How to determine cost per unit for consumers (including import/export fees)

How to determine cost per unit for consumers (including import/export fees)
In order to calculate your fixed cost per unit there are several variables that need to be considered. However, those variables are also made up of a number of components.

The fixed cost per unit formula is fixed costs plus variable costs divided by the number of units produced. In mathematical terms: FC + VC / # of Units = Fixed Cost per Unit.

Fixed costs relate to premises, staffing, utilities and shipping, while variable costs relate to fluctuations in the cost of raw materials, foreign exchange costs and other non-fixed items.

Import and export costs can vary as the business becomes more experienced. With time you will make it possible to negotiate fixed contracts with transport and haulage firms or to even bring the operation in-house.

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In order to be able to calculate your cost per item in advance or to be able to price your goods for end user or consumer pricing, one major consideration is the fluctuation in foreign exchange rates for the raw materials you are importing.

Depending upon your business you may be able to hedge some of your raw material purchase too but any business importing from overseas is running some foreign exchange exposure.

business importing from overseas is running some foreign exchange exposure
It is prudent business practice to convert as many variable costs to fixed costs in order to be able to price your goods efficiently. To convert foreign exchange exposure from a variable to a fixed cost you will need to adopt a foreign exchange hedging policy. That policy is generally approved by your accountants or auditors in a note to the annual accounts.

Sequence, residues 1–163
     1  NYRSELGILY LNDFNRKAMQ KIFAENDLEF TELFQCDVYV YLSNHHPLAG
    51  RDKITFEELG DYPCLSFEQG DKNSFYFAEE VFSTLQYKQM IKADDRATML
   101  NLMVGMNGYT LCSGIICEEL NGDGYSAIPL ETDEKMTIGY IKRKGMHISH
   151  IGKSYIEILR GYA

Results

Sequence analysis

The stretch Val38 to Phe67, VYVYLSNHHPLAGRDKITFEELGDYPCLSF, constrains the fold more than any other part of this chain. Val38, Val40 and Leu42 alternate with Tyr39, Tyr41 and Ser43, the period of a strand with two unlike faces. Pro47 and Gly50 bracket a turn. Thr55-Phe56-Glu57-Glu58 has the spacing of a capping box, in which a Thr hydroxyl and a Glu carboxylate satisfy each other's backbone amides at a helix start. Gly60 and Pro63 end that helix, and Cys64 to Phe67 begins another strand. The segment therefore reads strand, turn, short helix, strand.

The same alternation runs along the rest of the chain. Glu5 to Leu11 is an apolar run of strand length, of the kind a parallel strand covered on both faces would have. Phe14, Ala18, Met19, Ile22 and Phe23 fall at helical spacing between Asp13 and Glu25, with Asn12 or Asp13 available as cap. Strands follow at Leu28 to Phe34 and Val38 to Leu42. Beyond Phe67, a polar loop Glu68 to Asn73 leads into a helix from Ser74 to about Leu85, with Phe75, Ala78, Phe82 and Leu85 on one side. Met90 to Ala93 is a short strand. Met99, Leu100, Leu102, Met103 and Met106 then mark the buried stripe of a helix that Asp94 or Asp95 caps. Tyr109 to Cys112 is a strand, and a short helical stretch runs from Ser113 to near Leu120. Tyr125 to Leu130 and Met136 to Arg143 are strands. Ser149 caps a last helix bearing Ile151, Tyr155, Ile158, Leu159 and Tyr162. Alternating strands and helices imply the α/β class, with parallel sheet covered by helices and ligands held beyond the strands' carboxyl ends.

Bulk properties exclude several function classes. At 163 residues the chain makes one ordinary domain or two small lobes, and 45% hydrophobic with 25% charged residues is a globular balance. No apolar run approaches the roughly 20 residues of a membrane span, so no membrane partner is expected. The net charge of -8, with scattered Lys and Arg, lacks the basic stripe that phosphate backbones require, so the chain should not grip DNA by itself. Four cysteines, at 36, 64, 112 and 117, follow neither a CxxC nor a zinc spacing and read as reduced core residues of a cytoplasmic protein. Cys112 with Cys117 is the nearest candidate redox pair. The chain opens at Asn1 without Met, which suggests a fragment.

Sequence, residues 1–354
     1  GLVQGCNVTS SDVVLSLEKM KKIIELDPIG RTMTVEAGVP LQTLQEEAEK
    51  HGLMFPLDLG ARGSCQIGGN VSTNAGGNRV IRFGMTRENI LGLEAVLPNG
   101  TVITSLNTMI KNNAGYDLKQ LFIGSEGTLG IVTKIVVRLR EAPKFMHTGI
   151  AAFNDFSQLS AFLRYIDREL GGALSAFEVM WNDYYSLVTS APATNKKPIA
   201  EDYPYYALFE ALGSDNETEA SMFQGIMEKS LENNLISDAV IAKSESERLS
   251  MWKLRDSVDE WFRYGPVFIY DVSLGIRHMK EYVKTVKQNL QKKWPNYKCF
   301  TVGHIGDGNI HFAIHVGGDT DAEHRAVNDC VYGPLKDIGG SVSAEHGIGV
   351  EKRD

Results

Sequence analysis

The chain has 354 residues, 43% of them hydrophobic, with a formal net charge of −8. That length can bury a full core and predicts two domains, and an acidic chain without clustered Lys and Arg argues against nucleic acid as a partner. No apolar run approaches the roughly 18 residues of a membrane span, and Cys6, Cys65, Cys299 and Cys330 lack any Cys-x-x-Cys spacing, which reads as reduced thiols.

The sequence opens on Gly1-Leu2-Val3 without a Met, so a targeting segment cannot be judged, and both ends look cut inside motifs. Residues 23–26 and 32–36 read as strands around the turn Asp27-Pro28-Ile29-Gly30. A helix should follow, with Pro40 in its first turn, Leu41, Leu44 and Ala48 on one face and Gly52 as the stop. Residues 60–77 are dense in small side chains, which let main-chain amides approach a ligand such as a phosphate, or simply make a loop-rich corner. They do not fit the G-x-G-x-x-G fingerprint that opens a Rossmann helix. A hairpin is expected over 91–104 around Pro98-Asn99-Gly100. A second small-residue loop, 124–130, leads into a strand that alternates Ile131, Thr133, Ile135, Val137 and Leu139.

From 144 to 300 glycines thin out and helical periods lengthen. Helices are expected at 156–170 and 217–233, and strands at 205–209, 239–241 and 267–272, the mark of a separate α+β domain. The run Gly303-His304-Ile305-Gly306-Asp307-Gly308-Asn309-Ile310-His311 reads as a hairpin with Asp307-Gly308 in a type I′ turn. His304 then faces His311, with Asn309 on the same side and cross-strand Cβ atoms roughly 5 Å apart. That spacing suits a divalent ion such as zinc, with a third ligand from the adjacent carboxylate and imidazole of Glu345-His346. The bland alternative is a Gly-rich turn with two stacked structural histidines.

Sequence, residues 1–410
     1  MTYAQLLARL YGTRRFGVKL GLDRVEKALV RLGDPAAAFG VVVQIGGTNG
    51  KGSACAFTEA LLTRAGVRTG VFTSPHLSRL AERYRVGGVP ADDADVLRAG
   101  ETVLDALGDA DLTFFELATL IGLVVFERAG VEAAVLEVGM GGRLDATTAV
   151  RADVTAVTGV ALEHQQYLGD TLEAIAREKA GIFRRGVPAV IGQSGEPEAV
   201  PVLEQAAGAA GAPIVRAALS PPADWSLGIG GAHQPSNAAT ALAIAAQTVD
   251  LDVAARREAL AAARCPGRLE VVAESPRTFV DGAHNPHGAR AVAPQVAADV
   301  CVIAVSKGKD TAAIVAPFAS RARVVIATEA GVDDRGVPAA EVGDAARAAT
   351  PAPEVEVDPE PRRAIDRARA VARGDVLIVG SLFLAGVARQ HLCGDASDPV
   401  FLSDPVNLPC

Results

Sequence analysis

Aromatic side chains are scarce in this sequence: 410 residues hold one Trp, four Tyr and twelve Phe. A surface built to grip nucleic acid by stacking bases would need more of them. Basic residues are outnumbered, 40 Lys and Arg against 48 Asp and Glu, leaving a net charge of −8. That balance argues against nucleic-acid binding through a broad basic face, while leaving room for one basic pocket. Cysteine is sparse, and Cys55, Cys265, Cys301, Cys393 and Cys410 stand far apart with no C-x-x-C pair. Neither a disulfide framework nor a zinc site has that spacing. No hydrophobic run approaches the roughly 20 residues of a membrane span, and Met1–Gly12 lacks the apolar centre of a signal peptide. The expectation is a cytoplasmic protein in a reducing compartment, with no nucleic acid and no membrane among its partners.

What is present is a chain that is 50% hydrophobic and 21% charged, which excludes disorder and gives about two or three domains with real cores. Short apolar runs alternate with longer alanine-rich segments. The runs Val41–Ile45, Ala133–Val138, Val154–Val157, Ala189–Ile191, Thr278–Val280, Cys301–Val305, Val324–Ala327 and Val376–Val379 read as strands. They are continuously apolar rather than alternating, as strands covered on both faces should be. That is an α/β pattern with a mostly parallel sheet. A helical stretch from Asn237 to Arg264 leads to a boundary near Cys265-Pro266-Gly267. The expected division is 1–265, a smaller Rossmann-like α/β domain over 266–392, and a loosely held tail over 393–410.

For analysts to calculate selling price per unit from a firm’s income statement is a relatively simple matter which involves calculating the total cost of sales divided by the number of units sold. In order to determine cost per sale from a consumer price it is simply a matter of deducting the gross margin from 100% to give a percentage cost per sale. So, if you wish to make a gross markup of 40%, the cost is 60%. This method is used when discounting goods for either bulk sale or end of seasons.

The individual cost per sale formula is the product of volume of units sold divided by the sales price less gross margin (# of Units Sold/Sales Price – Gross Margin = Individual Cost per Sale).

To calculate the cost of goods available for sale, take the cost of inventory at the start of the year, add in purchases made that year plus cost of new production and that equates to the value of goods available for sale (cost of goods = inventory cost + purchases + new production) . Add in gross margin and divide by the number of units available to calculate sales price per unit.
(cost of goods + gross margin / units available for sale = sales price per unit)

calculate the cost of goods available for sale and standard cost per unit
To calculate the standard cost per unit, divide total costs by number of units produced. If total costs are £5 million and you manufactured 1.5 million units, the simple cost per unit is £3.33 per unit.

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Calculating and accounting for sales and costs can be as simple or as complicated as the firm wishes them to be. Continual reference to accountants is advisable because your simple goal is to sell as many units as possible of your product at a price that is both competitive and profitable. On the other side of the profit and loss account, costs need to be controlled as tightly as possible with variable converted to fixed whenever it is feasible.

About Alan Hill

Alan has been involved in the FX market for more than 25 years and brings a wealth of experience to his content. His knowledge has been gained while trading through some of the most volatile periods of recent history. His commentary relies on an understanding of past events and how they will affect future market performance.”